The FX are a mix of practical and early CG, and they look extremely convincing. This originally came out at a time when I had become snobbish about “shitty modern movies” so I disregarded it at the time, and only begrudgingly watched it with crossed arms and a scowl. Now — obviously — things have changed and I can appreciate the awesome FX and explosions on display throughout Judge Dredd. They clearly spent a good amount of money making this movie look like a broken-down future, and it looks great. The future chase through the skies of Mega-City One was a highlight, but my favorite FX bits were the makeup work on the hillbilly cyborg. His metal skeletal system shows through tears in his skin, and cybernetic implants run all down his spine. He looks seamless and incredible, and if he were in a movie that was better received there’s no doubt he’d make all kinds of “Top 10 Cyborgs” and “The Best Hillbilly Cannibals in Film” lists throughout the blogosphere.
Special note must also be made of the acting. It would be easy to argue both sides of the spectrum on the acting. It is incredibly over-the-top, loud, abrasive acting. But it is these specific qualities — coupled with the clichéd lines — that make the acting so enjoyable to me. There’s just something about people in their most serious voices saying clichéd shit like, “Chief Justice, the city is in chaos!” and “Justice Griffin, this trial has been a farce!” that makes me smile. I can’t explain it. It’s the kind of stuff that seems to make others groan, but for some reason I just laugh it off in the name of fun, as long the movie at hand is delivering on that aspect enough for me to not care. And Judge Dredd was doing that in spades.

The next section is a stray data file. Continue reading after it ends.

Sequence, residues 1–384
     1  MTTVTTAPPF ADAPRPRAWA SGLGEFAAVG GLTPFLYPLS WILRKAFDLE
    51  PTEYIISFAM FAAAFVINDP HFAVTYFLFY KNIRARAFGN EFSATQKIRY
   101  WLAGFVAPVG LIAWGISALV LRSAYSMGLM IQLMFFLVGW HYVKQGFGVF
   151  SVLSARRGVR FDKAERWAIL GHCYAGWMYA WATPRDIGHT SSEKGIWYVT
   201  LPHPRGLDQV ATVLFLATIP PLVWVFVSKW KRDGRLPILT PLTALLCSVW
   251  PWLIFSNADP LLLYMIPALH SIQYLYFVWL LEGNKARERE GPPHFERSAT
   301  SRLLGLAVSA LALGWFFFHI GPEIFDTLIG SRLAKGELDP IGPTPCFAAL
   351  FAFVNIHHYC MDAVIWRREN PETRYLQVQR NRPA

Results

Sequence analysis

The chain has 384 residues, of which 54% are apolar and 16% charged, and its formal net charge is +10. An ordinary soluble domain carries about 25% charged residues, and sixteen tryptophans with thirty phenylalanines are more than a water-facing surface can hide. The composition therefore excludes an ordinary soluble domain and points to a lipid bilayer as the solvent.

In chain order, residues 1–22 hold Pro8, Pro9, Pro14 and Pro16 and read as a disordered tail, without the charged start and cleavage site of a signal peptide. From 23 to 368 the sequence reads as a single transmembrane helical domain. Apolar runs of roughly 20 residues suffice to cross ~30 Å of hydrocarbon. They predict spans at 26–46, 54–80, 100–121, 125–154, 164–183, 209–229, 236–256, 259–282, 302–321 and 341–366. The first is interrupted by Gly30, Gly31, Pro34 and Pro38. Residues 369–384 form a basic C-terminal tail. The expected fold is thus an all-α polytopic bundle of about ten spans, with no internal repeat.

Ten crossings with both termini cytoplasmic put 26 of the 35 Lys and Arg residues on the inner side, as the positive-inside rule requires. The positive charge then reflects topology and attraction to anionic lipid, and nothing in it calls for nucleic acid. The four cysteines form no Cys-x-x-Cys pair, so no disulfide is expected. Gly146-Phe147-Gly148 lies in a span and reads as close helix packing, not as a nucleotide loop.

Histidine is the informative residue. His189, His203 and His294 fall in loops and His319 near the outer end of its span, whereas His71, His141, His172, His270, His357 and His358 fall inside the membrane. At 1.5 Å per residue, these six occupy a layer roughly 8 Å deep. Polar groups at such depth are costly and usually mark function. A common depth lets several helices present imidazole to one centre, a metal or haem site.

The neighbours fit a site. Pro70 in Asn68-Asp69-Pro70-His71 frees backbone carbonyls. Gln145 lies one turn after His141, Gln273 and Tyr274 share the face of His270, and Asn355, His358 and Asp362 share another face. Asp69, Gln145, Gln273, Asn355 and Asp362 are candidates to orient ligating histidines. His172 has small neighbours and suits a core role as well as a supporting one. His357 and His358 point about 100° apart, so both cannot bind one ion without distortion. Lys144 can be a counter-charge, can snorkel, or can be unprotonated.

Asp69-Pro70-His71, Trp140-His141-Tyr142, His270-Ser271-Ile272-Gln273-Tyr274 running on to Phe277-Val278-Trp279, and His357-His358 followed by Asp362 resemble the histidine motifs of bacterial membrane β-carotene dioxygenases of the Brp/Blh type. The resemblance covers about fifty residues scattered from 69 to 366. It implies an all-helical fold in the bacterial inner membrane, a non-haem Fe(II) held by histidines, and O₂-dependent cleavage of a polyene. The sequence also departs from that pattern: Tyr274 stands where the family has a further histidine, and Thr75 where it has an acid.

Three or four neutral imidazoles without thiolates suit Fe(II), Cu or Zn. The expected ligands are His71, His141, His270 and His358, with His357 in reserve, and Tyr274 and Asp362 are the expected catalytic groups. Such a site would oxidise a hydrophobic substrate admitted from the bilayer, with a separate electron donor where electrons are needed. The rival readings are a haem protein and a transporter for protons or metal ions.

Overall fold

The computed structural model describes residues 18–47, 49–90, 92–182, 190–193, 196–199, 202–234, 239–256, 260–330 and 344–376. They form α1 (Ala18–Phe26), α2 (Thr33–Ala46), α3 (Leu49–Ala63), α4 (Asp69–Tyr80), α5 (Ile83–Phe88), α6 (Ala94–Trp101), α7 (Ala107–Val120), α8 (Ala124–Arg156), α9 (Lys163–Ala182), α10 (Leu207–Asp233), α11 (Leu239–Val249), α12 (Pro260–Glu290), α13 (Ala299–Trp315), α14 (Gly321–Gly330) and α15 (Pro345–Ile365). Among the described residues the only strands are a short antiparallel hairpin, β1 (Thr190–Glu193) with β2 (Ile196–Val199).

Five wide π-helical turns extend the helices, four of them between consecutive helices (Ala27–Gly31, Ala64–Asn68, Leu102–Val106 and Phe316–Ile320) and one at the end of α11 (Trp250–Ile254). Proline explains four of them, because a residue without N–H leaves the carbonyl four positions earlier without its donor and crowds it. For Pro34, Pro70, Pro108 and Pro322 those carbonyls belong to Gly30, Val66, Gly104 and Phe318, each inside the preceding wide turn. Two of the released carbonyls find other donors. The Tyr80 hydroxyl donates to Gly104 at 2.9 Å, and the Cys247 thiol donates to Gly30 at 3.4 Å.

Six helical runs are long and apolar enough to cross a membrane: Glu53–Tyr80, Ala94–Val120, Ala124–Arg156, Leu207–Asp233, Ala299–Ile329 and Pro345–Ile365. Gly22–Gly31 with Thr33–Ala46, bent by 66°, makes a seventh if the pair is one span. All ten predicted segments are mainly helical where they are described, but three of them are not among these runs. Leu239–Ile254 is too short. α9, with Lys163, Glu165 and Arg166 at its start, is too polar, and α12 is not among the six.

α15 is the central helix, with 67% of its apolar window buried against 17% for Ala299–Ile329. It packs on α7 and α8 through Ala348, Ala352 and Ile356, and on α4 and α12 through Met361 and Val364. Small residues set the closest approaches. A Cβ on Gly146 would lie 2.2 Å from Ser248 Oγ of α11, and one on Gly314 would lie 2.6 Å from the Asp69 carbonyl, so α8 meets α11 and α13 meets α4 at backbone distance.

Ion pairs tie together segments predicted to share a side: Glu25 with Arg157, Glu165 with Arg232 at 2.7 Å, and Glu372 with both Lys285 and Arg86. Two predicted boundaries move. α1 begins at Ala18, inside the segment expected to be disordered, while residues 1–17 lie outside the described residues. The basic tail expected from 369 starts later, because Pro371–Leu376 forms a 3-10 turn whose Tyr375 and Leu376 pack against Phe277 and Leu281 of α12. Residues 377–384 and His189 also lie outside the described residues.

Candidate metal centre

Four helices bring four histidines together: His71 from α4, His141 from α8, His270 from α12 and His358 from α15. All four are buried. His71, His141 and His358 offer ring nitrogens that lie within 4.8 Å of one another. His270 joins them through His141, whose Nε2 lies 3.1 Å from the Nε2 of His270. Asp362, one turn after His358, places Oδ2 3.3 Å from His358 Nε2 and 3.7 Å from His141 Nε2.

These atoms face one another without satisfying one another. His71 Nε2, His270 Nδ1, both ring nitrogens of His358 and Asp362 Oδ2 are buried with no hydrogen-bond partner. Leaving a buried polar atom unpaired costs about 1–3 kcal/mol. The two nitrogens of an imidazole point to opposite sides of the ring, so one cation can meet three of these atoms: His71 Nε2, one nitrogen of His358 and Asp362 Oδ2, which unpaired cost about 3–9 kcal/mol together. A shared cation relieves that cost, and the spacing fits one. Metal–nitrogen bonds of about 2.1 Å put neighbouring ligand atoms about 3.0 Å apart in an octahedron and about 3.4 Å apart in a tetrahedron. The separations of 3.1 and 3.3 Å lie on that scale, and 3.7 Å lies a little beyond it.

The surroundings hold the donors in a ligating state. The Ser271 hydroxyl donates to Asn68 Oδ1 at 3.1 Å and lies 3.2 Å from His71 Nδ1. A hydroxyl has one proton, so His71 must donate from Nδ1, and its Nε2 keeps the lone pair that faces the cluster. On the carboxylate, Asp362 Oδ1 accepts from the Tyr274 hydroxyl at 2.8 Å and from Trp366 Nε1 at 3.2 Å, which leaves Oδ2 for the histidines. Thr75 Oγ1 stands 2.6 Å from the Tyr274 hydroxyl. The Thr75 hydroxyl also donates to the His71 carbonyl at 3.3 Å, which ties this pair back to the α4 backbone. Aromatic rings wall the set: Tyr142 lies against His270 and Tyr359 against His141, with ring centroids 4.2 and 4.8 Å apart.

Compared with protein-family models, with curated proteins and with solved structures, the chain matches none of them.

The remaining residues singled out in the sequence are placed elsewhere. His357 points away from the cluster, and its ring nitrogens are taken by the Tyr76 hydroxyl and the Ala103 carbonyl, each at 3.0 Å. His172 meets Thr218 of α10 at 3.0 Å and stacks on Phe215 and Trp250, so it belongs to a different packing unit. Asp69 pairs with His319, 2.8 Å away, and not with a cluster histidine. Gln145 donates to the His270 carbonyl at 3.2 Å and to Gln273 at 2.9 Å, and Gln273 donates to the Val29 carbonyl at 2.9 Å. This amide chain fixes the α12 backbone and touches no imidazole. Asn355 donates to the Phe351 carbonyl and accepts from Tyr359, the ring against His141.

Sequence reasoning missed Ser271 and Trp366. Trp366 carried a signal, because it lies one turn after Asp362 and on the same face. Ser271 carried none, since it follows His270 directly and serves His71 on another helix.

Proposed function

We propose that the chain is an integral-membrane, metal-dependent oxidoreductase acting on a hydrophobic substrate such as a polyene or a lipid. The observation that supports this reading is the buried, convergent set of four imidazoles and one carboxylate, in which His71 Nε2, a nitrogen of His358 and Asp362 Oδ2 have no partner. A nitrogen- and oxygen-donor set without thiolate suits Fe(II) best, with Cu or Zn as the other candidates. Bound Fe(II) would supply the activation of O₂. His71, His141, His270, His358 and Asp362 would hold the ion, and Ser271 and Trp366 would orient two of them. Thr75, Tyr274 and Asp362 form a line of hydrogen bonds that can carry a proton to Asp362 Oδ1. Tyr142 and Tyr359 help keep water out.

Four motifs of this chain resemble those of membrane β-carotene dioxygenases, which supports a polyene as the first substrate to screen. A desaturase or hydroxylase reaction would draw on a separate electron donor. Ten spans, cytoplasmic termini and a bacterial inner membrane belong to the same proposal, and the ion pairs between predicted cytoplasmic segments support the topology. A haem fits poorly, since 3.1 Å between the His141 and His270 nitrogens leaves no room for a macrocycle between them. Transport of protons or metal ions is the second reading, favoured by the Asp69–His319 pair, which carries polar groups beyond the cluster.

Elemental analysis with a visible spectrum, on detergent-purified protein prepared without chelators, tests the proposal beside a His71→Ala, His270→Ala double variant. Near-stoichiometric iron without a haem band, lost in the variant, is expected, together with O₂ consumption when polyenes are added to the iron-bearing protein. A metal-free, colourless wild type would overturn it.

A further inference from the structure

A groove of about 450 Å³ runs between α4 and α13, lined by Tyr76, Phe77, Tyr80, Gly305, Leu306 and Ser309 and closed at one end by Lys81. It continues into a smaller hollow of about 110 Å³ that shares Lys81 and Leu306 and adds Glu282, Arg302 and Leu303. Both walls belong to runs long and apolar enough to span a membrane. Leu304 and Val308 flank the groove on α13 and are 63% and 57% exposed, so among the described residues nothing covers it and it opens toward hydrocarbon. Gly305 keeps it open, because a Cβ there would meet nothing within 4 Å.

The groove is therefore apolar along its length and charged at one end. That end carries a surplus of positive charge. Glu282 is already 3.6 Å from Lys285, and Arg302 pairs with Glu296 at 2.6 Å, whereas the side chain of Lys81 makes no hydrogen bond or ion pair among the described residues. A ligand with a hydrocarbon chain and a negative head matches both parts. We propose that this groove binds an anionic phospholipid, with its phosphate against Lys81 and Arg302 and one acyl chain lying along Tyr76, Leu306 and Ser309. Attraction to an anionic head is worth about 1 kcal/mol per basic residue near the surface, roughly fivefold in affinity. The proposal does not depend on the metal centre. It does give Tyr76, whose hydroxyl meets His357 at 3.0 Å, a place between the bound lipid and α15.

The mixed tone of the film might have been a big reason why this one didn’t resonate with a lot of people, though. At times it’s violent and brutal, at others Rob Schneider is cracking fourth-wall-breaking jokes about Stallone’s thick accent. It flips between the two pretty liberally, too. I don’t know, and I can’t begin to truly understand why someone else doesn’t like a specific movie anymore than I can fly like Superman. I have a suspicion that the 2012 version of the character won’t feature any humor at all, or very minor humor, and therefore I’ll have less fun with it. We’ll see. I can’t say that it was a good idea to have a comedic sidekick alongside Judge Dredd, but Rob Schneider does have some good moments and I liked him overall. In any case, it was fun to see a movie like this with a sense of humor, even one that wasn’t firing on all cylinders.
What more can I say, I thoroughly enjoyed Judge Dredd. I say that as a huge fan of Stallone and B-Movies, and as one that initially hated the film upon its original release. I know nothing of the comic character, so I have no inborn nerd bias against whatever the film did or didn’t do right. All I can do is call it like I see it, and as I see it Judge Dredd is one hell of a big-budget B-Movie. Give it another shot.
Tomorrow make sure you come back for my review of the 2012 film, Dredd! Can it stack up to Stallone’s awesome crooked mouth yells? I’ll be the judge of that!